Villaraigosa calls for raising retirement age on new employees

Los Angeles Mayor Antonio Villaraigosa on Thursday threatened to put a measure on the ballot raising the retirement age for new city employees if the City Council refuses to enact such a proposal.

With the city facing a $220-million budget shortfall, Villaraigosa told an audience at the City Administrative Officer Investors Conference that he would seek to lay off “a large number” of employees in the proposed budget he unveils April 20.

The mayor said he would like to see the retirement age for new employees increased to 67. The retirement age for city employees is currently 60, although those who have worked 30 years can leave with full benefits at age 55, city personnel officials said.

“I’ve said to our employees, either we get it through the City Council … or I’m going to put an initiative on the ballot the way they’re doing in San Jose, the way they’ve already done in San Diego and the way they’re going to do in cities around the country.”

In San Diego, a measure heading to voters in June would end guaranteed pensions for newly hired employees and instead provide 401(k) self-directed investment accounts for everyone except police. In San Jose, a measure placed on the June ballot would reduce retirement benefits for new city employees.

Villaraigosa’s announcement comes weeks after the city’s five-member employee bargaining committee, which includes the mayor, asked city unions to give up raises that are scheduled for the fiscal year that begins July 1. Those unions refused to reopen contract talks.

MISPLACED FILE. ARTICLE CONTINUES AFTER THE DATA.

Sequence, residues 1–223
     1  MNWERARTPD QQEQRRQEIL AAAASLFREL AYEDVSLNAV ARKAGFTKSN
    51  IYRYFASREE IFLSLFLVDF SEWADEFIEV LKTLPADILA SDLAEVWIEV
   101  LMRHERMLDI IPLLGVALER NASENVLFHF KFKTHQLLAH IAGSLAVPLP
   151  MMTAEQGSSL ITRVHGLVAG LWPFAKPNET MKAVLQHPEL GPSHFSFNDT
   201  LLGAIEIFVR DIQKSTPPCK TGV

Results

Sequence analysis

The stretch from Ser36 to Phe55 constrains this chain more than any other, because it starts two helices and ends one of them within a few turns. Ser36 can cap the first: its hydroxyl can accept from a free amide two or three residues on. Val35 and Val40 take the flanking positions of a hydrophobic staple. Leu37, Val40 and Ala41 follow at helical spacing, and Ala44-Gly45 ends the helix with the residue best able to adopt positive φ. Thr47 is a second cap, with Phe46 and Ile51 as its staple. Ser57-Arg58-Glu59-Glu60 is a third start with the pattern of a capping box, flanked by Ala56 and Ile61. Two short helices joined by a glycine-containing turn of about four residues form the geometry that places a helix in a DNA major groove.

Labor leaders said their members already had agreed to pension reforms and other concessions over the last three years, saving the city $800 million. They argued that Villaraigosa has done too little to find other revenue sources, such as collecting hundreds of millions of dollars owed to the city.

“I think it’s just a real failure of leadership,” said Cheryl Parisi, chairwoman for the Coalition of L.A. City Unions. “How many more services is the mayor going to cut instead of trying to manage the city proactively?”

The city’s general fund, which pays for basic services such as public safety, has more than 22,000 budgeted positions, officials said.

Since the economic downturn began, more than 360 city workers have been laid off. Thousands more have been pressed into retirement or been transferred to agencies not affected by the budget crisis, such as the Department of Water and Power.

Villaraigosa said his budget would also resurrect a proposal for a long-term lease of city parking garages, which was rejected in previous years. He would not divulge the number of employees he wants to lay off, telling the audience at the Grammy Museum that he did not want to do the media’s work for it.

Los Angeles Times staff writer Tony Perry in San Diego contributed to this report.

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